The majority of likely Oklahoma voters polled support a variety of reforms that analysts estimate would save the state of Oklahoma money, according to a recent SoonerPoll study.

The survey asked respondents whether they supported implementing cost saving reforms in several areas of annual state spending. In each of the four areas polled, majorities of 55 percent or more supported implementing the cost saving reforms.

The Oklahoma Council of Public Affairs (OCPA) created a list of what OCPA analysts consider to be, waste, inefficiencies and non-core services in state spending. OCPA holds that the cost saving reforms outlined in the list pave the way for an income tax phase out that does not require an increase in other taxes.

The questions polled in the SoonerPoll survey were drafted from that list.

Refer to the topline results to see the exact wording of the questions

The cost saving reform that garnered the most support was implementation of more rigorous performance reviews of state employees and better oversight of agency hiring and staffing levels.

After being told that, by implementing the reforms, an estimated 3-6 percent of the state workforce could be reduced, saving over $40 million annually, 73 percent of respondents said they should be implemented.

When respondents were asked about the $7.95 million the state spent from FY-2001 to FY-2011 subsidizing losses on state golf courses, 70.8 percent said the policy should be reformed.

Another question asked respondents whether the state should introduce competitive bidding for health benefit providers, an optional competitive health savings account for employees and measures to stop the overpayment of health benefits.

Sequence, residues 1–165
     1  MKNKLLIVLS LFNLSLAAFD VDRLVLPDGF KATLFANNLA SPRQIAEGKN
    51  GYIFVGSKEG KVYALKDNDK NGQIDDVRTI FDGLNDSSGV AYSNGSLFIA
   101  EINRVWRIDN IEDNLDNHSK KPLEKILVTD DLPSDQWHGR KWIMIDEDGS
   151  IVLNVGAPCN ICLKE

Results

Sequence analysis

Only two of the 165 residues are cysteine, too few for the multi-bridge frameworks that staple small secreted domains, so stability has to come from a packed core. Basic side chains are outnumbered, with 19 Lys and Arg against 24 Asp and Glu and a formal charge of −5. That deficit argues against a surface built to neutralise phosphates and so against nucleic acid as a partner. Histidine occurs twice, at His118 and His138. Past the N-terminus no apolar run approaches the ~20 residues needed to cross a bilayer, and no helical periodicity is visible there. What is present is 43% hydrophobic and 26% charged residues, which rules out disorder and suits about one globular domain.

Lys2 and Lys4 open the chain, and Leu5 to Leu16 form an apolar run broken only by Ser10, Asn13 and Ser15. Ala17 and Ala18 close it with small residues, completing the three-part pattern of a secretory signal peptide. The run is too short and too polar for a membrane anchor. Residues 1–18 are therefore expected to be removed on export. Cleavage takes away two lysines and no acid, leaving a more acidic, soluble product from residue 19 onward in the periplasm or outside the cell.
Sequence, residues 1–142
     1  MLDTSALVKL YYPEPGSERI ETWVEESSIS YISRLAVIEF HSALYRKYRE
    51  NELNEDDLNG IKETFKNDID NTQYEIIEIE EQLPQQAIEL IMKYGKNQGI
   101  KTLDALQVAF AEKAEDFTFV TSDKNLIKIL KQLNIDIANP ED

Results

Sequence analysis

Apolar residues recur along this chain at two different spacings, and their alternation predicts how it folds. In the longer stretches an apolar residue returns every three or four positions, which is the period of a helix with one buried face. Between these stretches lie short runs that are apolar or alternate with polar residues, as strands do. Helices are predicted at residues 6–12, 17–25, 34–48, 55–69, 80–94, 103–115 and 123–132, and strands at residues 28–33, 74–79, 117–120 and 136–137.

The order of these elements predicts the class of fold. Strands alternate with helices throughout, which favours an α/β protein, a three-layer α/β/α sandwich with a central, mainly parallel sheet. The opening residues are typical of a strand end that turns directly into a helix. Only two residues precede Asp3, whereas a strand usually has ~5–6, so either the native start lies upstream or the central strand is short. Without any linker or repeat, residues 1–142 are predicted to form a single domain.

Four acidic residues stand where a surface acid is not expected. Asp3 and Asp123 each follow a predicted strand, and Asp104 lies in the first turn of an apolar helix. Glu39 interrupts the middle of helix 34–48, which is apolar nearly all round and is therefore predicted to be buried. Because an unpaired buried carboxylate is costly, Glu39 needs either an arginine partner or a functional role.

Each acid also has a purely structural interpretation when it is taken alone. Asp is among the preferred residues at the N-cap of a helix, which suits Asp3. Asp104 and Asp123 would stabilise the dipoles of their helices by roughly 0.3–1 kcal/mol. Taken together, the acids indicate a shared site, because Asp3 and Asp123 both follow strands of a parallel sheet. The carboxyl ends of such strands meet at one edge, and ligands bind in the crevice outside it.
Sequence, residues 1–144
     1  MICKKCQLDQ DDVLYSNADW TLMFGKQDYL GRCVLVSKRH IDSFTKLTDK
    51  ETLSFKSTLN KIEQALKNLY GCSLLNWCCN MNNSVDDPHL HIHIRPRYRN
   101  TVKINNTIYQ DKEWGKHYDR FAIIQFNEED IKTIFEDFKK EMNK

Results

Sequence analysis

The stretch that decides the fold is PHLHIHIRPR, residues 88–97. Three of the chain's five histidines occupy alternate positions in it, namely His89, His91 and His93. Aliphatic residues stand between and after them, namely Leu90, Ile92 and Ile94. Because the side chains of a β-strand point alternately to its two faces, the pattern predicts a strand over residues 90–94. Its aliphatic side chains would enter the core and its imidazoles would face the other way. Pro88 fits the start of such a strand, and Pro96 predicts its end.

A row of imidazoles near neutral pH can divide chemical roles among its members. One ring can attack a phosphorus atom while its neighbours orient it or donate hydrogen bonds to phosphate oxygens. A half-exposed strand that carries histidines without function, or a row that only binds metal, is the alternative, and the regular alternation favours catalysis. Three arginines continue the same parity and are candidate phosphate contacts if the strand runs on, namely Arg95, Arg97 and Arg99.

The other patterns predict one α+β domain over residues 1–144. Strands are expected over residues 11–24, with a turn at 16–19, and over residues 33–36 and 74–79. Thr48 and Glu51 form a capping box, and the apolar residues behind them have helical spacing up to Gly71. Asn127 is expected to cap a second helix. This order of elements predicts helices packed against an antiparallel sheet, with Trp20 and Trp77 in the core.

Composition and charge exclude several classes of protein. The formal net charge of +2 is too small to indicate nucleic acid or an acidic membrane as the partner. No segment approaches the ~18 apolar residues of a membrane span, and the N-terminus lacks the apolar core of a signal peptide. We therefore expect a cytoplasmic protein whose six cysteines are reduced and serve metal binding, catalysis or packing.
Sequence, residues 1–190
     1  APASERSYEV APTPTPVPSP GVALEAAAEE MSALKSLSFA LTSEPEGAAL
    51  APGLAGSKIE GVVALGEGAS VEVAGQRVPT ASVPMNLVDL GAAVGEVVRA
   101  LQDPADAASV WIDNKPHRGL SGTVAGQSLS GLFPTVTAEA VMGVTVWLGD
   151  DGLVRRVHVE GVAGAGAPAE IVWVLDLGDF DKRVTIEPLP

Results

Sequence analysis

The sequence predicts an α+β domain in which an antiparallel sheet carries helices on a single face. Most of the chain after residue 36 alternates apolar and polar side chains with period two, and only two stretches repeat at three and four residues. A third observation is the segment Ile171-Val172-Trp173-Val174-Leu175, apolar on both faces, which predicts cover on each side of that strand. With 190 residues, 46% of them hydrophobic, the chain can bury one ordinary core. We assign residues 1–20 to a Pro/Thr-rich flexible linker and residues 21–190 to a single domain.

Results show that 69 percent of respondents were in favor of implementing the reforms, which, according to OCPA analysts, would save an estimated $75 to $100 million a year.

The reform which received the least support was a new stipulation that Career Techs in Oklahoma with sufficient local funds to operate would no longer receive additional state dollars. Results indicate that 54.6 percent supported the reform, which analysts estimate would save the state somewhere between $2 and $10 million annually.

Additional crosstab analysis reveals that all the reforms polled have broad bipartisan support.

“With Oklahoma government spending at an all-time high, it’s encouraging to see that voters support these common-sense reforms,” said Brandon Dutcher, OCPA’s vice president for policy., Oklahoma’s public opinion pollster, was commissioned for this poll by the Oklahoma Council of Public Affairs. conducted the scientific poll of 500 Likely Oklahoma voters were selected at random and administered the survey via live telephone interview between Feb. 8, and Feb. 23, 2012.   . The margin of error is plus or minus 4.38 percentage points.


  1. Improvement is great! State pension systems are designed for the injured public servant protecting, risking their life to help another. Nebraska, who invented 401K 22 plus years ago, could not make the 401K system to work for the state employees as the employees were to busy doing their jobs, were not educated in 401k, nor did they have time to sit in front of the computer screen to manage it. When the leadership in Nebraska, discovered 70-80 year olds that dedicated their lives to serving Nebraska couldn’t retire off of the 401k system the Nebraska leadership went back to State Pension Systems for their employees. In addition, when police, fire, Highway Patrol, Corrections Officer, are injured to the point of not being able to return to work this negatively impacts everyone. The injured State employee doesn’t have federal benefits like the Federal Military Hospital or other avenues to fall back on once placed on disability through the State Pension system. Basically, the injured State employee is bankrupt because there is no State insurance to fall back on. In addition, the injured State worker’s family and home mortgage are negatively impacted for the sacrifice of the State Public worker. With history showing that we need to take care of our OWN, Oklahoma needs to take care of their OWN that sacrificed alot to save alot.


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